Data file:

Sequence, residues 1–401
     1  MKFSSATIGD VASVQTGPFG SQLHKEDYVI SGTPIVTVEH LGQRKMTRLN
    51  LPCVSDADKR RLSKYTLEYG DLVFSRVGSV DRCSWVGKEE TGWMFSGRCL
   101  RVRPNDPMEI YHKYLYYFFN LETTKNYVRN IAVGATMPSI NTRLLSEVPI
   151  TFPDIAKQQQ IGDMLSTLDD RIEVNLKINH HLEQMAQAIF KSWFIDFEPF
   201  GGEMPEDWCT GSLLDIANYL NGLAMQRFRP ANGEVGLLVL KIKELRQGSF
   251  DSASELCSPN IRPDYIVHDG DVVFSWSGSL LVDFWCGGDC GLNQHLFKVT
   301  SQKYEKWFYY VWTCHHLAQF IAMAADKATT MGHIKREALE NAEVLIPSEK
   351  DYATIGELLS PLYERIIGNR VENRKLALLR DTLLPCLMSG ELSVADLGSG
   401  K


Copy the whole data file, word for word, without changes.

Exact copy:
Sequence, residues 1–401
     1  MKFSSATIGD VASVQTGPFG SQLHKEDYVI SGTPIVTVEH LGQRKMTRLN
    51  LPCVSDADKR RLSKYTLEYG DLVFSRVGSV DRCSWVGKEE TGWMFSGRCL
   101  RVRPNDPMEI YHKYLYYFFN LETTKNYVRN IAVGATMPSI NTRLLSEVPI
   151  TFPDIAKQQQ IGDMLSTLDD RIEVNLKINH HLEQMAQAIF KSWFIDFEPF
   201  GGEMPEDWCT GSLLDIANYL NGLAMQRFRP ANGEVGLLVL KIKELRQGSF
   251  DSASELCSPN IRPDYIVHDG DVVFSWSGSL LVDFWCGGDC GLNQHLFKVT
   301  SQKYEKWFYY VWTCHHLAQF IAMAADKATT MGHIKREALE NAEVLIPSEK
   351  DYATIGELLS PLYERIIGNR VENRKLALLR DTLLPCLMSG ELSVADLGSG
   401  K